From a personal standpoint, he's a man of faith who has been faithful to his wife for over 40 years.

He's not the Washington insider like Gingrich, nor does he come off as mean-spirited and condescending as Gingrich can at times. He's more realistic than Ron Paul, more substantive than Perry, not as rightwing as Bachman and Santorum, has a better grasp of issues than Cain, and not milktoast like Hunstman. He's consistently been at the top of the polls that matter. That's because of one reason: He's been the best choice since day 1.



This is not say I agree with Romney on everything. I oppose a Constitutional amendment to ban gay marriage, for example. Fortunately, I don't think that has much chance of happening. I am not as stringently-pro life as he is. I don't view him as a flip flopper, but he will have to continue to explain the differences in his healthcare plan and his change of position on abortion (both of which I think he's done more than sufficiently, but nevertheless it will be an issue). I also would prefer a more aggressive economic plan, and one to modernize and consolidate our troop deployments.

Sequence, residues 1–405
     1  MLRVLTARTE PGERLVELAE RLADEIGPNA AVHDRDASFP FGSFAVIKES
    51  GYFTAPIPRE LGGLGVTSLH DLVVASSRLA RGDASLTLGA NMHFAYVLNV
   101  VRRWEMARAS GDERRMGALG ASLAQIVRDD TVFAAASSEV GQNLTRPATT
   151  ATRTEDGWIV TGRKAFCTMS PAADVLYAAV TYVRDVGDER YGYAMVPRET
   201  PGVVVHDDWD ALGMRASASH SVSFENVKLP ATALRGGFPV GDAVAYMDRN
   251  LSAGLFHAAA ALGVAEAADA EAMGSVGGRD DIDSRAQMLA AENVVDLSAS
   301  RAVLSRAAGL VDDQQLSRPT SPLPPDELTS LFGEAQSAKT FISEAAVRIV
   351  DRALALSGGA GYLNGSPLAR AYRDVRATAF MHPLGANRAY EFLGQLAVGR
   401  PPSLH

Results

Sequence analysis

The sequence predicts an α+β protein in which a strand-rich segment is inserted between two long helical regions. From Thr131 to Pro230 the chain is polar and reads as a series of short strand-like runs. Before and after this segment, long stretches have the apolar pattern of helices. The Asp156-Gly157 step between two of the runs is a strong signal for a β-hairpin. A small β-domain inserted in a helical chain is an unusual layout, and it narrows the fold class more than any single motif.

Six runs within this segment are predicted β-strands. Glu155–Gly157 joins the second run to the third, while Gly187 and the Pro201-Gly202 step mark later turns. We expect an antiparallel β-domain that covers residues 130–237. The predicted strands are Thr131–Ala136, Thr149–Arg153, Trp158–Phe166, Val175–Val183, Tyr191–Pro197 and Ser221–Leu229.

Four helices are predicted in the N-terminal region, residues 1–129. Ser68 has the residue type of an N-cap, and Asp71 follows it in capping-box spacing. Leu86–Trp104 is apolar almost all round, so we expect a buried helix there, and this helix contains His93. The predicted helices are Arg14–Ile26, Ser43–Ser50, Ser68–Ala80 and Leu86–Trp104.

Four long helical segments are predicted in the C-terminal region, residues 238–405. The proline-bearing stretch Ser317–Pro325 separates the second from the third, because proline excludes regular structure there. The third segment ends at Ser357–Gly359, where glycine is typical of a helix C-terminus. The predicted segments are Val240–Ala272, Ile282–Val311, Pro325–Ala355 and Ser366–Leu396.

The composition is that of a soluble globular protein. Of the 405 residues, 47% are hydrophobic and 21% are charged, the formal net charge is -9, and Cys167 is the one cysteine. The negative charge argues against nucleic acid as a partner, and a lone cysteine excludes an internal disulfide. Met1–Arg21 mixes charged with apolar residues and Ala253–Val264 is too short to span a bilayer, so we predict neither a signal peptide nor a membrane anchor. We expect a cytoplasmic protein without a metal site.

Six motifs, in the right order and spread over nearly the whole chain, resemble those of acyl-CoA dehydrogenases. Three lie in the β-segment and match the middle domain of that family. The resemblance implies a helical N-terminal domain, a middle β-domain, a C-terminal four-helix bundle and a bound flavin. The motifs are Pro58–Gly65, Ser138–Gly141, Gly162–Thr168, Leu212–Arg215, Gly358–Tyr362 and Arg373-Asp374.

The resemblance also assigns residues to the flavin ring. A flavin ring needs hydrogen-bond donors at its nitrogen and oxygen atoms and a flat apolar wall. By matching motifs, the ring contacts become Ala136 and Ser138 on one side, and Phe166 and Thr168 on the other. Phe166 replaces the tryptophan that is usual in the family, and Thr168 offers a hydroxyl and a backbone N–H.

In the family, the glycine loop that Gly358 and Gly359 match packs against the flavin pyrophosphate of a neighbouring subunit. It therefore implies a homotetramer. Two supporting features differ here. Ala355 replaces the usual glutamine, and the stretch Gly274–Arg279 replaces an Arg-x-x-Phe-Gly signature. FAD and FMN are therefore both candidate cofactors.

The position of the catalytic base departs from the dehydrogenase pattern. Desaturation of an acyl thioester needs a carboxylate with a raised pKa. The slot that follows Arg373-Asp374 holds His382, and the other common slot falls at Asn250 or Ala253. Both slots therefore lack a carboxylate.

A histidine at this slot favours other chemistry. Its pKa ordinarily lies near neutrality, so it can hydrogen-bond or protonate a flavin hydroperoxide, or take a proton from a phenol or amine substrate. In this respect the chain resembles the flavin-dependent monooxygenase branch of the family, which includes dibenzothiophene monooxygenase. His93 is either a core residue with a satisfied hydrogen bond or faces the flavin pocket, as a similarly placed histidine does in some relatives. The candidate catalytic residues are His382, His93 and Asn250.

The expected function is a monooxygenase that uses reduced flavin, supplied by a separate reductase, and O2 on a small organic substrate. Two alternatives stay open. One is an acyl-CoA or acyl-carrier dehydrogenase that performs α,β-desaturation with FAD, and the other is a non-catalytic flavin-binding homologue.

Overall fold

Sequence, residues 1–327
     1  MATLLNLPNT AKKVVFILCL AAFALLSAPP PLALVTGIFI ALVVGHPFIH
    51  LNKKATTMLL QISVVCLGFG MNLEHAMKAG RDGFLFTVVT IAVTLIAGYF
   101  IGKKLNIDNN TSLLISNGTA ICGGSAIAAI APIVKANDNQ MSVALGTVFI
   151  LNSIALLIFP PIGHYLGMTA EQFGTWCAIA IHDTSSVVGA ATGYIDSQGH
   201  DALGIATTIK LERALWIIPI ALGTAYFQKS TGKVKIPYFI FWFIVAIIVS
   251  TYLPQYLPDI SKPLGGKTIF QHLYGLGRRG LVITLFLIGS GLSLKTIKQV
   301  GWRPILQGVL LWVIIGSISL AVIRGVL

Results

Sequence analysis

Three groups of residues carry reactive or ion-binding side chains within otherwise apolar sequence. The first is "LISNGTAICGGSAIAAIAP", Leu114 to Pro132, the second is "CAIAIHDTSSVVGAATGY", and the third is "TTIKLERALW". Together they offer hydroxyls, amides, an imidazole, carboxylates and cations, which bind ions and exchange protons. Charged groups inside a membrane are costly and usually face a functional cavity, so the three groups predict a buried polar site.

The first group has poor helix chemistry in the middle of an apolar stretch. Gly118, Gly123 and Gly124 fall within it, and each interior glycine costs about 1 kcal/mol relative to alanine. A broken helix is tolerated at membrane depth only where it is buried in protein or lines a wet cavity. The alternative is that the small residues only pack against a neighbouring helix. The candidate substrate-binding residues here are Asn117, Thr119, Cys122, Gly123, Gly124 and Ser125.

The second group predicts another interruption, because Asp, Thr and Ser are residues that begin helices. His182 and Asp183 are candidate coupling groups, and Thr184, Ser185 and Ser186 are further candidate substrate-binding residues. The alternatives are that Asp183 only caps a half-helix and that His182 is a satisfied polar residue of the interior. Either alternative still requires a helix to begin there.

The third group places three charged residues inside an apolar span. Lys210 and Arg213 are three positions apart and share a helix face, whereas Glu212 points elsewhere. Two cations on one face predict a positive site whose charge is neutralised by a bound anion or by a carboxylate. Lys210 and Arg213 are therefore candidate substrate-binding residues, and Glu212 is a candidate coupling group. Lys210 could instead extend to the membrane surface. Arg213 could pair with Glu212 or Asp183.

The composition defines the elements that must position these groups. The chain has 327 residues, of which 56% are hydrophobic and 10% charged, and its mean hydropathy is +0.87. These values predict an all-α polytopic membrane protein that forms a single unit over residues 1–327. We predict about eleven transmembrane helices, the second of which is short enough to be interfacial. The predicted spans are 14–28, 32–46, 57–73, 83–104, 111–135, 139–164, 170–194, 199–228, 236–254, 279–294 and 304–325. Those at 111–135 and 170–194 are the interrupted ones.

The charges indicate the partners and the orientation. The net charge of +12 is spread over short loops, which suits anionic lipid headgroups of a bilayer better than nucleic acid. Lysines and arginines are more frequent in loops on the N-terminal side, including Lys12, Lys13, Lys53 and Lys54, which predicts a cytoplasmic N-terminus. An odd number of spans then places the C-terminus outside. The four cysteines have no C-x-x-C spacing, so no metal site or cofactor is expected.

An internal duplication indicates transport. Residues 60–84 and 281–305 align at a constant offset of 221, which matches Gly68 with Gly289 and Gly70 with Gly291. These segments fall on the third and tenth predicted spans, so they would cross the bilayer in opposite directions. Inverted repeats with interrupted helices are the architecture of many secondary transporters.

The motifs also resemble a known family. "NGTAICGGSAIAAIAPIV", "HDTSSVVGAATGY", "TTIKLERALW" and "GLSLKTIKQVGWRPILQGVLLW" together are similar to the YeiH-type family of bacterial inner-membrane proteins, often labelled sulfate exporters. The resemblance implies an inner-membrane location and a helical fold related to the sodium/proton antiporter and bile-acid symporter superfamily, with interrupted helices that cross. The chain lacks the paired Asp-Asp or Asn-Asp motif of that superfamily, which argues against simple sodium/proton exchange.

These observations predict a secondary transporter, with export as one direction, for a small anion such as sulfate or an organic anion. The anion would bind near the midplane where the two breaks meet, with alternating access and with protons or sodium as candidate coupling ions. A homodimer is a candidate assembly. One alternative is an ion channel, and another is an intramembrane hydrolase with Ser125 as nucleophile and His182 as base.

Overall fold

I would be interested to read your honest thoughts and opinions about Romney as compared to the other candidates and President Obama.



SDW
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Comments

  • floorjackfloorjack Posts: 2,726member
    At least he had to make a payroll once in his life. Where as Obama bummed around Hyde Park, chilled in Springfield and peacocked in DC before running for president.
  • sdw2001sdw2001 Posts: 16,323member
    Quote:
    Originally Posted by FloorJack View Post


    At least he had to make a payroll once in his life. Where as Obama bummed around Hyde Park, chilled in Springfield and peacocked in DC before running for president.